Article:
Jeg elsker dig.
It's been nearly two weeks since I left London for Copenhagen. Life has been busy and exhausting since then, so I haven't had a chance to update. But I really should, because, in case I haven't made it very clear, I LOVE COPENHAGEN. Man, what a city. I can describe or explain how happy it makes me to just be in that city. People ask me why I love it - and, by extension, the bit of Denmark I've seen - so much, and I have no answer. The people I encounter there are nice, but so are the residents of Canada and Holland. The food is good, but no better than in Sydney.
Anyway, I flew out the morning after my first Danish lesson (so my Danish skills extended to "How are you?" and "My eyes are blue!"). And when I say the morning, I mean it in the most horrible sense of the word: my flight left at 7.15, so I had to be at the airport by 6.00 at the latest, and getting to the airport involved getting to Marble Arch tube station to get on an hour-long coach trip. Hence, my alarm began shrieking at me at 2.30. I do not recommend it.
But I flew out, and nature delivered a metaphor you'd groan at if it was in a Hollywood movie. The plane rose above the clouds of London, and emerged into a gorgeous, blood orange-red sunrise. And then, flying in over the city, I couldn't stop smiling: it's beautiful in a way no other city I've encountered is. It seamlessly blends its gorgeous old apartment buildings with futuristic structures. And all the streets were white, white, white! White with snow, unlike the grey slush of London. Boo hiss, London; boo hiss.
I got from the airport to the city with no problems, and began a game I played the whole week: looked at the name of the upcoming station, pronounced it in my head with my newly acquired Danish skills, and then paid attention to how the computer announcer said it. I was nearly always right! I just have trouble pronouncing the first "s" in "Islands Brygge" after decades of considering it to be silent. Anyway, I successfully (okay, I got lost for a bit) found my way to the Kunstakademiets Arkitektskole, where my friend Iason studiess. It is an architecture school in some gorgeous old military storage units right behind the Opera House. Copenhagen tends to hate its Opera House, but I like it more than ours. Although it isn't quite as striking: it looks like a fish bowl with a large, thick book sitting on top of it.
Anyway, it was so good to see Iason. So, so, so good! He took me for a walk around the school and the Opera House (wait, Operahuset, I should practice my Danish) and then we went back to his house via our friend Cheryl's office. Fortunately for me, Thursday is Cake Day in Cheryl's office. The walk to Iason's was long, but it took in some of my favourite sights in the city, and mostly took us along the partly-frozen harbour. Very different from the last time I was here in the dying days of summer. We got back to Iason's, and...made a Lego spaceship. I shit you not. Then I had a nap, and then we went to the gym.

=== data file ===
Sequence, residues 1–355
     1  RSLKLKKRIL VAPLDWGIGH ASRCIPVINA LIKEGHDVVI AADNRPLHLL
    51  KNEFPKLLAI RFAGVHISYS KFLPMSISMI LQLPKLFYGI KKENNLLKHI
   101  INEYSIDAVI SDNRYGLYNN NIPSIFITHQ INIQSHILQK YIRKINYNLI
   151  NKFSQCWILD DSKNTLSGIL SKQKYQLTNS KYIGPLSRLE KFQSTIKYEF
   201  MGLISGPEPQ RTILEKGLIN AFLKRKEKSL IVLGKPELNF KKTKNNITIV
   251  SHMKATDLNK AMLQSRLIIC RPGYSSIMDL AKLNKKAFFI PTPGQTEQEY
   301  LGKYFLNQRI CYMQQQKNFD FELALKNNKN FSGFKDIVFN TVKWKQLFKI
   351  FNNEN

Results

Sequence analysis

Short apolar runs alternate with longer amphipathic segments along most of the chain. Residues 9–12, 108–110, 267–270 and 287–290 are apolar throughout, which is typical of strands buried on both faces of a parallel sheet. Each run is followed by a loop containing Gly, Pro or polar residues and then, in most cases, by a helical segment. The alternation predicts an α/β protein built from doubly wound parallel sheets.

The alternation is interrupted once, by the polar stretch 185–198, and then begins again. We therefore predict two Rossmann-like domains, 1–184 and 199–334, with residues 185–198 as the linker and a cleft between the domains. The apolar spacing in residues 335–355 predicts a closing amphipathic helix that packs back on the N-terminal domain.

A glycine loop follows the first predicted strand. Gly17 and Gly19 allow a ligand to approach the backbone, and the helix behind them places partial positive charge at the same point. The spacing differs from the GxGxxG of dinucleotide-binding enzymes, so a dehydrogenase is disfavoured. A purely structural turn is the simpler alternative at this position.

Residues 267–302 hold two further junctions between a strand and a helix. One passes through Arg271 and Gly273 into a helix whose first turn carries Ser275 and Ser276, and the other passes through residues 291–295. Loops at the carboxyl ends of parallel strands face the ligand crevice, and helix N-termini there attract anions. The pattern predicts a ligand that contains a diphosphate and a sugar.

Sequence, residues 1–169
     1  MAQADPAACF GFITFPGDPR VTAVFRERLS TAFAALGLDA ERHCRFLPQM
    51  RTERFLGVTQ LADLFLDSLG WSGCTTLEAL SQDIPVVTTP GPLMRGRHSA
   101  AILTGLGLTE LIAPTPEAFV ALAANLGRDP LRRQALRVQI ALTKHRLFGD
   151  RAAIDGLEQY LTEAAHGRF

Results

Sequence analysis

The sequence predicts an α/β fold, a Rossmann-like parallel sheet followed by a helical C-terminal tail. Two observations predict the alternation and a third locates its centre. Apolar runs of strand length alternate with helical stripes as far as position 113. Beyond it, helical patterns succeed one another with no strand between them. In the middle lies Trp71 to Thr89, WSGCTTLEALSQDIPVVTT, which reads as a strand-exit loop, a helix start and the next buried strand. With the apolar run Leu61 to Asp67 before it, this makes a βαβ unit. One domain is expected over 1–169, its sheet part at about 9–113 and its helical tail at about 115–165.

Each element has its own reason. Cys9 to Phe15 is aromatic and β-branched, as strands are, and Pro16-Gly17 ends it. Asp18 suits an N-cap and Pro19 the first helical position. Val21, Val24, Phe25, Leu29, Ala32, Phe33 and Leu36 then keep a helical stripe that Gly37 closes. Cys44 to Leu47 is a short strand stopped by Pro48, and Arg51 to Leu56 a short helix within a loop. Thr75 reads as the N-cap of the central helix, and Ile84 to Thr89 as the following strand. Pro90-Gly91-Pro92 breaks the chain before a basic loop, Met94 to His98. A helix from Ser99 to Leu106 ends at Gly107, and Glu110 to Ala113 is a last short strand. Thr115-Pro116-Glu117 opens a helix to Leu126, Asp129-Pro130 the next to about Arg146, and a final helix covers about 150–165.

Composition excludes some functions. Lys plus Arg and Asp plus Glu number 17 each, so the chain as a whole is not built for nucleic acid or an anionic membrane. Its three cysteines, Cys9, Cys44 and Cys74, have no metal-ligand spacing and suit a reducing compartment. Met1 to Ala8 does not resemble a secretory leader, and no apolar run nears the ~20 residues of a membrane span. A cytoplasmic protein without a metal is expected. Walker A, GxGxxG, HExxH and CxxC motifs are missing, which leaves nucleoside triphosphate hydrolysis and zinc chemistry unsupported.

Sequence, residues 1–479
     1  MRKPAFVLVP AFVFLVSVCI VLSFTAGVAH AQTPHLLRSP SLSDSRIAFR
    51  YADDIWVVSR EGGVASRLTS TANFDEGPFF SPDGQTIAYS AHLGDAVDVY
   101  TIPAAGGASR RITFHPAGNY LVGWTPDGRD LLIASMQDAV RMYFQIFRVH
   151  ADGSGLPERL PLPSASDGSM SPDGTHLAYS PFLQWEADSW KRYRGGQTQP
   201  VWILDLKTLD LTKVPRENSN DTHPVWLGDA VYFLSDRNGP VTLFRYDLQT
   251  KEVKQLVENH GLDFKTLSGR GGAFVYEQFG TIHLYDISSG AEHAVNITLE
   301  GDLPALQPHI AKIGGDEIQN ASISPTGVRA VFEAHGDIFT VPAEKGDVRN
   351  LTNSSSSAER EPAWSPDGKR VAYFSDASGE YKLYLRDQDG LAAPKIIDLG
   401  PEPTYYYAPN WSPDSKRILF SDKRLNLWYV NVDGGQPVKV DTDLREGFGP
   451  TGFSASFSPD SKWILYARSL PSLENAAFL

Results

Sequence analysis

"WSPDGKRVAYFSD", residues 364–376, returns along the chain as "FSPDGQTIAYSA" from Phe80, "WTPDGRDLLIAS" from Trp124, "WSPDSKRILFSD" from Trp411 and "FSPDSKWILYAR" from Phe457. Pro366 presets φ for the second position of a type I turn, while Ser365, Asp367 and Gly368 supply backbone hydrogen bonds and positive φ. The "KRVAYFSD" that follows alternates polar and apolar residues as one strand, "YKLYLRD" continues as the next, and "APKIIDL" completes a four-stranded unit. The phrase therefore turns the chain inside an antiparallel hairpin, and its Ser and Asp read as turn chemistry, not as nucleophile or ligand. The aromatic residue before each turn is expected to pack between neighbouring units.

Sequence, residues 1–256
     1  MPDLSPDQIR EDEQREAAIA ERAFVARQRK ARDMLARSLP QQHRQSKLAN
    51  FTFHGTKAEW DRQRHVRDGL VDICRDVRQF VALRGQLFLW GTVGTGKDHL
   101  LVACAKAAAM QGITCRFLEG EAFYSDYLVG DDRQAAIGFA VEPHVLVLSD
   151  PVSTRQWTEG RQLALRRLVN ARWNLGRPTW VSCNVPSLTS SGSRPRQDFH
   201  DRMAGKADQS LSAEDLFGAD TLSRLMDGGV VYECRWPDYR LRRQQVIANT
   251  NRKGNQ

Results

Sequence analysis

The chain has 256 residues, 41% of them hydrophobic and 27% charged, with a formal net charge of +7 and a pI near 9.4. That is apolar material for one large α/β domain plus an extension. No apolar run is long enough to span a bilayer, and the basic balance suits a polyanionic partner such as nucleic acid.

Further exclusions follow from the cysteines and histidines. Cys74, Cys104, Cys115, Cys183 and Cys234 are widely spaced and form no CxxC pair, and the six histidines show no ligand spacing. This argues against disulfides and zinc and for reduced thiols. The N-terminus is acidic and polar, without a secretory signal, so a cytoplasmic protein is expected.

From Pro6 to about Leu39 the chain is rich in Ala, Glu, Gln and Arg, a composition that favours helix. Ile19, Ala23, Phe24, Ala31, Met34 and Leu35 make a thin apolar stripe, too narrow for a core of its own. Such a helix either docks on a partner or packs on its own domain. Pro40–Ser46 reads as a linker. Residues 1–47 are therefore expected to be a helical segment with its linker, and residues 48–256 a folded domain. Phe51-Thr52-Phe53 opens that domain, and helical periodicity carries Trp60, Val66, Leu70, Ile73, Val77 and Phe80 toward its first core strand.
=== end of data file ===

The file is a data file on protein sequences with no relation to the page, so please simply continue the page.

Rock and roll, right? I'm sure keeping the image of the hedonistic backpacker alive. But although my trip this time was much more subdued, I loved it - I felt I lived a little like a local for a few days. The gym was particularly interesting. Iason and his friend Pelle did their weights routine, while I did my little old lady cardio and stretches. We went for a swim, but first, we had to shower, and so Iason and Pelle just whipped off their gear. Bwah? This was quite foreign to me. Although Australians pride themselves on being laidback, we can be quite hung up (in my circles, at least) on nudity. In Australia, I would not strip off and shower in a communcal area with my friends unless absolutely necessary. So it was nice to force myself into a culture where nudity is kind of "meh". Iason and Pelle did some proper swimming, while Cheryl and I enjoyed the hot pools. Bliss. Then we rugged up for the chilly walk home.
And now I have to go and learn some more Danish, so I will update with part two next time.
Hej hej! Vi ses!